NYC Public Advocate Mark Green
writing toGovernor Pataki and Senator D'Amato

April 23, 1997

Hon. George Pataki
State of New York
Capitol Building
Albany, New York 12224

Hon. Alfonse D'Amato
United States Senate
The Capitol
Washington, DC 20510

Dear Governor Pataki and Senator D'Amato:

The 2.4 million residents of New York State's rent-regulated housing are looking to you to display strong, effective leadership in the current battle over renewal of New York State's rent regulation laws by persuading your downstate Republican Senate colleagues, who on April 7th voted against a motion to discharge the rent regulation extender bill from committee, to change their position to favor supporting extension of the current regulation law.

I know that the tenant constituents of Republican Senators Dean Skelos, Michael Tully, Nick Spano, Guy Velella, and Serphin Maltese were very disappointed when their elected representatives voted against keeping their housing affordable. Since a yes vote by just three more Senators would have changed the outcome, your active intervention could have led to a different result. It still can.

The issue is not just rent control but who controls Joe Bruno and the Republican Party. Since it's widely known that you two chose Bruno and run the party, New Yorkers will and should hold you accountable if your agents destroy rent regulations.

Will your party continue to comply with ideological extremism or take a more moderate path by protecting people when the free market fails to function properly?

When it comes to choosing between the mainstream and the extreme, neither of your histories on rent regulation is reassuring. As State Senator, Governor, you voted against extending rent regulation. And, Senator D'Amato, you introduced and led the fight in 1981 for an amendment that would have denied federal housing construction subsidies to any locality with rent control that didn't have vacancy decontrol. Your measure would have immediately denied New York State thousands of new units of affordable housing if we didn't go along. Fortunately, it was never enacted. Now, 16 years later, you have a chance to redeem yourself.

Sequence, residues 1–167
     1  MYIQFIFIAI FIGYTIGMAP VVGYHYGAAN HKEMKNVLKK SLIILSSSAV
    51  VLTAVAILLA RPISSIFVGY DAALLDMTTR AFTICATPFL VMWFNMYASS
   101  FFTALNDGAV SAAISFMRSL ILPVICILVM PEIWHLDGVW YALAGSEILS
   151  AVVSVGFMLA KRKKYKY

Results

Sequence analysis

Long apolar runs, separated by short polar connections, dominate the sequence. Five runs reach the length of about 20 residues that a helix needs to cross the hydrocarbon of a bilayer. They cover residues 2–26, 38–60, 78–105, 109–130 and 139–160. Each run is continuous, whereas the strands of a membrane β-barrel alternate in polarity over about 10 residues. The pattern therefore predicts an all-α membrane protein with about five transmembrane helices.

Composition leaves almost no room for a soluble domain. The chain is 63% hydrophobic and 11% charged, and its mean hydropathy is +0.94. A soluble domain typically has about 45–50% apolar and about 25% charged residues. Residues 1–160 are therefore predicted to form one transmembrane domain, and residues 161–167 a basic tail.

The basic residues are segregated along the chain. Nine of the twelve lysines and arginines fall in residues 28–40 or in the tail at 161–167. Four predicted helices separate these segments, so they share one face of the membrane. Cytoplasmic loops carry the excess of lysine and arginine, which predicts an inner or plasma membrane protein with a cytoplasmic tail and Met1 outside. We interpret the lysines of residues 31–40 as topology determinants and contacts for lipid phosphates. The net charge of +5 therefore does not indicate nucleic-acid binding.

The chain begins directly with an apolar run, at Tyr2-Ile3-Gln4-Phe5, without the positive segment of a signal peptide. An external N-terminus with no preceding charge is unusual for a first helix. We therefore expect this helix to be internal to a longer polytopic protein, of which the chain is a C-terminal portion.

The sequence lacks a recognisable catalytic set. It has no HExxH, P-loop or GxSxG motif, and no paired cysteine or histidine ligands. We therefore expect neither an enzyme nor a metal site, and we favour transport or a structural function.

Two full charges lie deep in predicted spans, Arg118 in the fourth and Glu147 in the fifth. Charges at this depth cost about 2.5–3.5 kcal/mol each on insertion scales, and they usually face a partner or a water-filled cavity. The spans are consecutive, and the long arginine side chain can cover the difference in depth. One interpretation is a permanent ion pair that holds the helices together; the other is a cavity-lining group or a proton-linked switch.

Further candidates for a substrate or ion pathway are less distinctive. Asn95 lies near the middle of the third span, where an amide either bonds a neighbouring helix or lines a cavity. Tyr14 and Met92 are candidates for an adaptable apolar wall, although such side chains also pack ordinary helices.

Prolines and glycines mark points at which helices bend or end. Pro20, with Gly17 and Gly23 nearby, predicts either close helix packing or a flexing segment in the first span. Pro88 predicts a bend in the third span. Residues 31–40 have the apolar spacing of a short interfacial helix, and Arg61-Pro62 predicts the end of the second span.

The facts in this issue are clearly on the side of continuing current regulation. Decontrol Would Pressure Middle-Class Renters to Leave NYC.

My staff has analyzed the 1996 NYC Housing and Vacancy Survey, which is prepared for the NYC Department of Housing Preservation and Development. While the median income of households in rent-stabilized apartments is only $25,300, those who care about the stability of our neighborhoods should consider that approximately 294,000 stabilized- apartments are occupied by tenants with household incomes of between $25,000 and $49,999 (29% of rent-stabilized apartments). Another 177,000 rent-stabilized apartments are occupied by people with a household income of $50,000 to $100,000 (18% of rent-stabilized apartments).

Most of these solidly middle-class renters are hard-working people who do not benefit from property tax deductions. And because they do not own their residences, many of them have the option of quickly moving out of NYC if their rents rise to the high levels predicted in the Rent Stabilization Association's chilling analysis made public last month. Middle-class families with children who are concerned about overcrowding in the NYC public schools would be especially tempted to depart. We cannot afford to lose them.